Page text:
#3189j – 1999 33c Women's Rights Movement

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U.S. #3189j
1999 33¢ Women’s Rights Movement
1970s Celebrate the Century Series

Issue Date: November 18, 1999
City: New York, New York
Quantity: 90,000,000
Printed By: Ashton-Potter
Printing Method: Offset Press
Perforations: 11.5 X 11.5
Color: multicolored
 
The eighth sheet of fifteen stamps in the Celebrate the Century Series features subjects from the years 1970-1979.
 
In 1970, a U.S. Court of Appeals ruled that men and women working the same job must receive the same wages. At the time, it was said women were making 59¢ for each dollar men were making. 
 
Ms Magazine was first published in 1971 and sold out in eight days. The editor, Gloria Steinem was a vocal advocate for the feminist movement.
 
The Equal Rights Amendment passed Congress on March 22, 1972. The amendment was not ratified by at least 38 states, so it did not become part of the constitution. The same year, Title IX of the Education Amendments banned sex discrimination in schools. Many colleges and athletic programs were accessible to women for the first time.
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U.S. #3189j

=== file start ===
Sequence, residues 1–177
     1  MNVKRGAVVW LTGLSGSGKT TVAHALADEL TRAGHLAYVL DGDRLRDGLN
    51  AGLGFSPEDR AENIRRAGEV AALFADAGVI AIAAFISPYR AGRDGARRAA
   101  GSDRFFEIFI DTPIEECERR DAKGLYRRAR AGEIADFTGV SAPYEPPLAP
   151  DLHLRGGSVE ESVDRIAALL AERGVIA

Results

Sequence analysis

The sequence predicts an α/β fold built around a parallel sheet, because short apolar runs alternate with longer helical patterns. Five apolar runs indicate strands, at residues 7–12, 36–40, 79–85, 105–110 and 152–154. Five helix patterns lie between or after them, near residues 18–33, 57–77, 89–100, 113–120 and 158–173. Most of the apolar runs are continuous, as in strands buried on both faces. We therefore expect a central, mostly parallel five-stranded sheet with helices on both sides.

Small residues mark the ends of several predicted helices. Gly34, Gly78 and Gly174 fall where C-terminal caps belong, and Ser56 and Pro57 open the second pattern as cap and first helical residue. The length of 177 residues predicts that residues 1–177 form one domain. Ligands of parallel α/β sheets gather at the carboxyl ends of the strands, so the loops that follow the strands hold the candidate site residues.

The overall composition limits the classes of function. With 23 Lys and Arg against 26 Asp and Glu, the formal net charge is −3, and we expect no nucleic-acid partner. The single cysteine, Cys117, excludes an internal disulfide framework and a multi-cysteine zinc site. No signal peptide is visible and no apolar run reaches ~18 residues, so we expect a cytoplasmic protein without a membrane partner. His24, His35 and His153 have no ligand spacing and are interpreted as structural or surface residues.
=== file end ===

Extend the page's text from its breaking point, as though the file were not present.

1999 33¢ Women’s Rights Movement
1970s Celebrate the Century Series

Issue Date: November 18, 1999
City: New York, New York
Quantity: 90,000,000
Printed By: Ashton-Potter
Printing Method: Offset Press
Perforations: 11.5 X 11.5
Color: multicolored
 
The eighth sheet of fifteen stamps in the Celebrate the Century Series features subjects from the years 1970-1979.
 
In 1970, a U.S. Court of Appeals ruled that men and women working the same job must receive the same wages. At the time, it was said women were making 59¢ for each dollar men were making. 
 
Ms Magazine was first published in 1971 and sold out in eight days. The editor, Gloria Steinem was a vocal advocate for the feminist movement.
 
The Equal Rights Amendment passed Congress on March 22, 1972. The amendment was not ratified by at least 38 states, so it did not become part of the constitution. The same year, Title IX of the Education Amendments banned sex discrimination in schools. Many colleges and athletic programs were accessible to women for the first time.